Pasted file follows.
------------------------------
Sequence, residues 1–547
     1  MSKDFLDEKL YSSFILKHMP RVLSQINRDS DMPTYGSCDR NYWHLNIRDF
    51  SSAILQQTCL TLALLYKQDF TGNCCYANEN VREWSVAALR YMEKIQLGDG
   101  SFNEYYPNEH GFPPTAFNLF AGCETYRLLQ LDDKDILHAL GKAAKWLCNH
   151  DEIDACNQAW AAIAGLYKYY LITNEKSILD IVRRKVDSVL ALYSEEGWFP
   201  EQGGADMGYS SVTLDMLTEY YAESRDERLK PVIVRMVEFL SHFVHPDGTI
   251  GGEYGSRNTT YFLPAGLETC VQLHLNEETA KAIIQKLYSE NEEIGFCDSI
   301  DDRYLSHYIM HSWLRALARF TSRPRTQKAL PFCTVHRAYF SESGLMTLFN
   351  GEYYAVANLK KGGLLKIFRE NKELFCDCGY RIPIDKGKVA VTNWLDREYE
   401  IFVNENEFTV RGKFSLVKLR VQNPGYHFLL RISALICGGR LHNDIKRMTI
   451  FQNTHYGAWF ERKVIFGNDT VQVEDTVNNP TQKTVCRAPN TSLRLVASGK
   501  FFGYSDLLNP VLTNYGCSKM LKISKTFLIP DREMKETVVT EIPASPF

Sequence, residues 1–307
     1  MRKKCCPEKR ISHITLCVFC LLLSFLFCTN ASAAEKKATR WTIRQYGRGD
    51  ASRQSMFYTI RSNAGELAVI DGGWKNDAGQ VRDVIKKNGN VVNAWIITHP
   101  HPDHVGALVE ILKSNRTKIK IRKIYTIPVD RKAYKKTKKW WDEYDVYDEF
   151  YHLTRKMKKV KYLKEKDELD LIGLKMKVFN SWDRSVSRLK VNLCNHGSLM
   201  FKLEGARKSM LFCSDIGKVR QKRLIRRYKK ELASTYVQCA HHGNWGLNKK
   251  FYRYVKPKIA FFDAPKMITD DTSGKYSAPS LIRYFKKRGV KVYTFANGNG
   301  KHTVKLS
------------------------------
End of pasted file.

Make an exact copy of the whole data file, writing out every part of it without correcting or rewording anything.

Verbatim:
Sequence, residues 1–547
     1  MSKDFLDEKL YSSFILKHMP RVLSQINRDS DMPTYGSCDR NYWHLNIRDF
    51  SSAILQQTCL TLALLYKQDF TGNCCYANEN VREWSVAALR YMEKIQLGDG
   101  SFNEYYPNEH GFPPTAFNLF AGCETYRLLQ LDDKDILHAL GKAAKWLCNH
   151  DEIDACNQAW AAIAGLYKYY LITNEKSILD IVRRKVDSVL ALYSEEGWFP
   201  EQGGADMGYS SVTLDMLTEY YAESRDERLK PVIVRMVEFL SHFVHPDGTI
   251  GGEYGSRNTT YFLPAGLETC VQLHLNEETA KAIIQKLYSE NEEIGFCDSI
   301  DDRYLSHYIM HSWLRALARF TSRPRTQKAL PFCTVHRAYF SESGLMTLFN
   351  GEYYAVANLK KGGLLKIFRE NKELFCDCGY RIPIDKGKVA VTNWLDREYE
   401  IFVNENEFTV RGKFSLVKLR VQNPGYHFLL RISALICGGR LHNDIKRMTI
   451  FQNTHYGAWF ERKVIFGNDT VQVEDTVNNP TQKTVCRAPN TSLRLVASGK
   501  FFGYSDLLNP VLTNYGCSKM LKISKTFLIP DREMKETVVT EIPASPF

Sequence, residues 1–307
     1  MRKKCCPEKR ISHITLCVFC LLLSFLFCTN ASAAEKKATR WTIRQYGRGD
    51  ASRQSMFYTI RSNAGELAVI DGGWKNDAGQ VRDVIKKNGN VVNAWIITHP
   101  HPDHVGALVE ILKSNRTKIK IRKIYTIPVD RKAYKKTKKW WDEYDVYDEF
   151  YHLTRKMKKV KYLKEKDELD LIGLKMKVFN SWDRSVSRLK VNLCNHGSLM
   201  FKLEGARKSM LFCSDIGKVR QKRLIRRYKK ELASTYVQCA HHGNWGLNKK
   251  FYRYVKPKIA FFDAPKMITD DTSGKYSAPS LIRYFKKRGV KVYTFANGNG
   301  KHTVKLS